The Ultimate Recovery: Cycles of pain anchor Biden's moment

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Democratic presidential candidate former Vice President Joe Biden and his running mate Sen. Kamala Harris, D-Calif., pass each other as Harris moves tot the podium. To speak during a campaign event at Alexis Dupont High School in Wilmington, Del., Wednesday, Aug. 12, 2020. (AP Photo/Carolyn Kaster)

WASHINGTON – A young lawyer bounds across a parking lot in New Castle, Delaware, a blur of long sideburns, wide lapels and self-assurance. He throws open a door to a beauty salon, and the ladies inside whoop with surprise. It’s clear from the grainy footage that the stylists don’t know this 29-year-old candidate – yet.

“I’m Joe Biden, Democratic candidate for United States Senate,” he announces, shaking the hand of a grinning beautician. “Maybe if you get a chance, you’ll look me over between now and November.”

The pitch, captured in an October 1972 broadcast by WPVI in Philadelphia, is one Biden has made repeatedly since, winning seven terms in the Senate and two as vice president. But throughout his lifetime in politics, his eye has been on the next rung — the presidency -- in a quest that failed spectacularly in his first two tries.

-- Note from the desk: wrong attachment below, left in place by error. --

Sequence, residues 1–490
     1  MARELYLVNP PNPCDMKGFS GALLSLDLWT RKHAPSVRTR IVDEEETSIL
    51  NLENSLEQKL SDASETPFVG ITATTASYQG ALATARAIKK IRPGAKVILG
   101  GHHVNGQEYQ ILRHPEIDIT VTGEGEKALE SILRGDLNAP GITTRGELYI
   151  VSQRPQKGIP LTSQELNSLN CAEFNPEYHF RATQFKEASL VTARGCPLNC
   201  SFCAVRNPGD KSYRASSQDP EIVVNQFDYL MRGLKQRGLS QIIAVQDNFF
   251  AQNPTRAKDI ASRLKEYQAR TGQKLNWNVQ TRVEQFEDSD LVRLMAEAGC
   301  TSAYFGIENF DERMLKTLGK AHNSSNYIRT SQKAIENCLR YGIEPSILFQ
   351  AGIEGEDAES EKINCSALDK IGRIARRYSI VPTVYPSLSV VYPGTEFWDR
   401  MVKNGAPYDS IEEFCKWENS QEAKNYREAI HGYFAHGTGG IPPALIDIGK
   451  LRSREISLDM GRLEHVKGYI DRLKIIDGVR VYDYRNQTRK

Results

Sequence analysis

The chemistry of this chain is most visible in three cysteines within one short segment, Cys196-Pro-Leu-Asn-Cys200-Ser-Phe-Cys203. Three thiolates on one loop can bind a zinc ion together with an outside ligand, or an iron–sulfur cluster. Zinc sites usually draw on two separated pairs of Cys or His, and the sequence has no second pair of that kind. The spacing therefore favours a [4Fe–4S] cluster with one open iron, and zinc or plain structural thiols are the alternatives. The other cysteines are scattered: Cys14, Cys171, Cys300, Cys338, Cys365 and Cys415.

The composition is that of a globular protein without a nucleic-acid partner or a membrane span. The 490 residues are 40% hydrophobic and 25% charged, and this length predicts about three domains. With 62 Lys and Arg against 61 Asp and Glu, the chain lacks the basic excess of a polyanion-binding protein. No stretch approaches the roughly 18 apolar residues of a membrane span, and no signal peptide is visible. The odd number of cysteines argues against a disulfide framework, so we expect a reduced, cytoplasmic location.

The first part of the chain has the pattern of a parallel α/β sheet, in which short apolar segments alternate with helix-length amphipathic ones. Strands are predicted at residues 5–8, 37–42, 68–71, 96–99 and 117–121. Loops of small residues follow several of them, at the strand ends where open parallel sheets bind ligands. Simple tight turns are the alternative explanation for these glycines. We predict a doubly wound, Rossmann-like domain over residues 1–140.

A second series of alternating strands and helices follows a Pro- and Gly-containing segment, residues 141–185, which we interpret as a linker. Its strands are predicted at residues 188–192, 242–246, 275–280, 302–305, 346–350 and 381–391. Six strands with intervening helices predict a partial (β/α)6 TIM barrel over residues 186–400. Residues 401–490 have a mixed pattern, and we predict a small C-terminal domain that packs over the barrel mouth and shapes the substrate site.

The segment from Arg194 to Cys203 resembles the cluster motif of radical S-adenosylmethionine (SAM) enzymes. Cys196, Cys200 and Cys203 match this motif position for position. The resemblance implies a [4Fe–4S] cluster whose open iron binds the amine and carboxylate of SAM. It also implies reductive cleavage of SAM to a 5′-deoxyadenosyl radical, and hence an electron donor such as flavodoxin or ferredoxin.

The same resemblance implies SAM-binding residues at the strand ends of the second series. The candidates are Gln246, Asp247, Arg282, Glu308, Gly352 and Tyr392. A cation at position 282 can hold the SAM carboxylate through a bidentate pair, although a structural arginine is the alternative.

On this, his third attempt, the White House is within Biden's reach at what in some ways seems an improbable moment. At age 77, he is too old to even be called a Baby Boomer at a time when Democrats are prioritizing youth and diversity. But he's vowing to reset the nation's compass after four turbulent years under President Donald Trump, staking his claim on the pillars of competence, experience and empathy.

“The moment has met him, right now,” says former Sen. Barbara Boxer, D-Calif. “People know he’s been there, and he’s not going to just stand there. He’s going to do something to make it better. We need that desperately right now. People are scared.”

So Biden is hoping voters will choose him over Trump, like a comfortable blanket, bonded to people by that empathy — and his own history of grief.

“In another time, it might be too late for Joe,” said former defense secretary Bill Cohen, who served as a Republican senator from Maine. “When you see what is happening in our lives, the chaos, they’re looking for someone who can bring some sort of equanimity.”

Biden’s moment accepting the Democratic nomination will be nothing like he imagined when his campaign began. There won’t be thousands of supporters in an arena cheering while he holds Kamala Harris' hand aloft. With the pandemic’s U.S. death toll nearing 170,000, the event is expected to be a far more somber and smaller affair.